This is Viewpoints for Tuesday, July 1, 2014

July 1, 2014 

Same day delivery

We have subscribed to The Telegraph for almost 30 years, to USA Today for a number of years and to the Saturday Wall Street Journal for over a year. Our Macon carrier serves us well.

However, about once a month, on the average, the USA Today doesn’t arrive in time for our carrier to deliver it. We have to go to town to pick it up from a supermarket or drug store. This is extra time and money, as well as the aggravation of getting an extension credit on our account from The Telegraph.

We feel that since we make payment for all of these papers directly to The Telegraph, they should take the responsibility to negotiate the solution of delivery problems of the USA Today’s paper with them.

We appreciate having all of our subscriptions delivered on the day of their publication, not delivered the next day.

-- Tracy Coyle

Macon

No. 17 with a bullet

Congratulations, the South has finally attained the top of a category. Unfortunately it is a list of the states ranked by gun deaths per capita as of 2011. Drum roll please. First on the list is Louisiana with 18.91 deaths per 100,000. Second is Mississippi at 17.8 deaths. Alabama is seventh. South Carolina is ninth. Georgia is 17th with 12.56 killed by gun per 100,000. Florida is 18th at 12.46 deaths

On the bottom of the category is Rhode Island at 50th place with just 3.14 deaths per 100,000. Hawaii is 49th, Massachusetts at 48th, New York at 47th and New Jersey at 46 with a death rate of 5.46 less than half the rate of good old Georgia.

Maybe some brilliant mind out there can come up with a reason why life in the South is so much more deadly than crime ridden New Jersey. Maybe it’s because our legislators are so busy pandering to the NRA. Passing laws like the carry guns everywhere bill.

It will be interesting to see how many will die from our gun culture in the next few years.

-- N.A. Pietrzak

Macon

Rant on

Jimmy Faircloth’s letter reminded me of an old favorite game: Pinball, as he flipped the steel ball from target to target. First with Iraq and gas prices, then on to Native American’s objections to the “Redskins” moniker. Finally, he hit border security -- Mexican kids crossing our border -- before, inevitably, his balls were drained, reset for another game. He is not bothered by the fact that most of the children featured in the current crisis are Honduran and Ecuadorian, not Mexican. I guess to Jimmy, they all look the same.

But I like the game, so let’s play Viewpoints Pinball.

W. Wade Stooksberry II uses the word “transcendent” three times in one short paragraph. Isn’t there a rule?; Jim Sandefur takes on “Your Say” contributor, Anthony Smith, for bad reference work, using the splendid “superstitious twaddle” to describe Anthony’s efforts; Nick Bruno wants a special sticker for his car so, as a valued Robins AFB employee, he can speed through our streets with impunity; Misogynist Edmund Nash, laments the possibility of a woman U.S. president and moves to the unthinkable: A same-sex marriage in the White House. News flash, Eddy, research indicates that after the first year, or so, it’s always the same sex.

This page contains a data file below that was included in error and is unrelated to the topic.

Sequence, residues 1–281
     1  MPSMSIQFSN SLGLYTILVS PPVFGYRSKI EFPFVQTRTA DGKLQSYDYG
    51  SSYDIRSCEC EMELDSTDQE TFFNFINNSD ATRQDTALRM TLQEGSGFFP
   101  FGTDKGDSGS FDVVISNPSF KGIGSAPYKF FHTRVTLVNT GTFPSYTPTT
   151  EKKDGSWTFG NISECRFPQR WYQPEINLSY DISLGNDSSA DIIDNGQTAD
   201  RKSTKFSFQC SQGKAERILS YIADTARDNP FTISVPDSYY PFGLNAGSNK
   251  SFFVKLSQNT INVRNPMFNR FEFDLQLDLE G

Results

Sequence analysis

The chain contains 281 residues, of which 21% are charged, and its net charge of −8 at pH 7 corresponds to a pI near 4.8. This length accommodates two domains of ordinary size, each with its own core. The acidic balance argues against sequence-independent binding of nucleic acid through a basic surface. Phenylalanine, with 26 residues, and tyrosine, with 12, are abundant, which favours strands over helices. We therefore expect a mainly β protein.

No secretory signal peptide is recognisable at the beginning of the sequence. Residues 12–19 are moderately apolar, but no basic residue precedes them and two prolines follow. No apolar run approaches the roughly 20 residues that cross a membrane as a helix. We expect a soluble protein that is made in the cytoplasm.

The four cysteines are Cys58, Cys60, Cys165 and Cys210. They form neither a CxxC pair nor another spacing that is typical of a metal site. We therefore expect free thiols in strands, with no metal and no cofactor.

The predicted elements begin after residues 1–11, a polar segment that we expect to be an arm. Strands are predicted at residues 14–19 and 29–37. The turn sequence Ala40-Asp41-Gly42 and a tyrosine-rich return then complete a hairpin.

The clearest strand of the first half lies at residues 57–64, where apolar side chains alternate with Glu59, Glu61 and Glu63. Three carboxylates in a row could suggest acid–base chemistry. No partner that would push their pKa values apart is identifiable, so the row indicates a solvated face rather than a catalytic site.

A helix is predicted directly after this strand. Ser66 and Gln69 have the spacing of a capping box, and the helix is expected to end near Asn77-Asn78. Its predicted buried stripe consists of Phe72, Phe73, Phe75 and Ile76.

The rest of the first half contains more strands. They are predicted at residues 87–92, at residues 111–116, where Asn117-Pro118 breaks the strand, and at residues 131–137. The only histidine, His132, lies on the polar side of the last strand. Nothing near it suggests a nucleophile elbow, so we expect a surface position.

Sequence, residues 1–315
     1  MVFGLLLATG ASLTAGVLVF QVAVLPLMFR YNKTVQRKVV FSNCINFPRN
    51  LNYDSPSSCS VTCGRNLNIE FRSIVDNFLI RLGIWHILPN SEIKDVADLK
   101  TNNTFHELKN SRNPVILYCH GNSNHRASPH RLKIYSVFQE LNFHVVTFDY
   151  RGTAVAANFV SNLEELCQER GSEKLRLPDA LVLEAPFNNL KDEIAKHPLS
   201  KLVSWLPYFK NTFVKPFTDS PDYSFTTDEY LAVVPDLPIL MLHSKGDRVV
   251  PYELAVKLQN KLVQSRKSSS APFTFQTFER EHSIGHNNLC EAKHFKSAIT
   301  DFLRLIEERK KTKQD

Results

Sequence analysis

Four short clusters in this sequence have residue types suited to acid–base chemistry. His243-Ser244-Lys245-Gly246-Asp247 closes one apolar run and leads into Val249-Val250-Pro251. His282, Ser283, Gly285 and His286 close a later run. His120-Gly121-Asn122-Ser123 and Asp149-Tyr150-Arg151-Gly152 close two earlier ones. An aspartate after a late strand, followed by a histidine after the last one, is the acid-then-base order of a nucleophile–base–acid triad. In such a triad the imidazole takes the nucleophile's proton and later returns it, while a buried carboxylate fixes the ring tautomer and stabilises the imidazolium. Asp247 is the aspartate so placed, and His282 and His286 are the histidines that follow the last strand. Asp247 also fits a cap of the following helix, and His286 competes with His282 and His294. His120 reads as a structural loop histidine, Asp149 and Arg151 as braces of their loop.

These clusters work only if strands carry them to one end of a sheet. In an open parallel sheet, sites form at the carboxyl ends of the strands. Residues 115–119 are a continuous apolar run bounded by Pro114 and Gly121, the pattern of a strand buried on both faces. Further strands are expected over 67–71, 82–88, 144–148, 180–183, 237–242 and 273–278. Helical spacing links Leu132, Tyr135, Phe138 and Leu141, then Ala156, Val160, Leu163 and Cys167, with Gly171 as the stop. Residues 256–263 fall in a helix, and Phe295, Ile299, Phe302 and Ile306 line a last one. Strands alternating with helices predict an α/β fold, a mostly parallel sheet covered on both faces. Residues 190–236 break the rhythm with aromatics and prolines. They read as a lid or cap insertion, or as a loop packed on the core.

As the last ball leaves the chute for this session, Linda Bridges wants The Telegraph to censor contributions she describes as rants. Specifically attributing the “rant” label to one of Walter Huckabee’s notes, her rant about his rant creates a perfect circle. Come on, Lindy, lighten up. If all rants were eliminated from these pages, the remaining letters could be assigned to Saturday’s Viewpoints which exists only in the ether.

-- Bob Carnot

Warner Robins

Time for appreciation

As we are about to celebrate the birth of our nation on the Fourth of July, may we reflect on what took place for us to have a new nation. War was upon our lands and our forefathers fought to give us freedom. But do we appreciate their sacrifices? I certainly do.

In 1941, when the world was ravaged by war, President Franklin Delano Roosevelt set aside the first day of 1942 as a Day of Prayer. The words he spoke in that Christmas Eve radio message are still true today. May we remember them and the sons and daughters who serve for us and endure for us and are engaged in the wars of other nations who wish to be free.

“The year 1941 has brought upon our nation a war of aggression by powers dominated by arrogant rulers whose selfish purpose is to destroy free institutions. They would thereby take from the freedom-loving peoples of the earth the hard won liberties gained over many centuries.

“The new year of 1942 calls for the courage and the resolution of old and young to help to win a world struggle in order that we may preserve all that we hold dear.

“We are confident in our devotion to country, in our love of freedom, in our inheritance of courage. But our strength, as the strength of all men everywhere, is of greater avail as God upholds us.

“We need His guidance that this people may be humble in spirit but strong in the conviction of the right; steadfast to endure sacrifice and brave to achieve a victory of liberty and peace.

“Against enemies who preach the principles of hate and practice them, we set our faith in human love and in God’s care for us and all men everywhere.”

May we always remember and rejoice in the freedoms we have enjoyed as we celebrate July 4, 2014.

-- Ruby Jacobs

Dry Branch

Takes all kinds

Congress has a 13 percent approval rating. That begs the question: are 13 percent of Americans sleep walking?

-- William D. Carter

Bonaire

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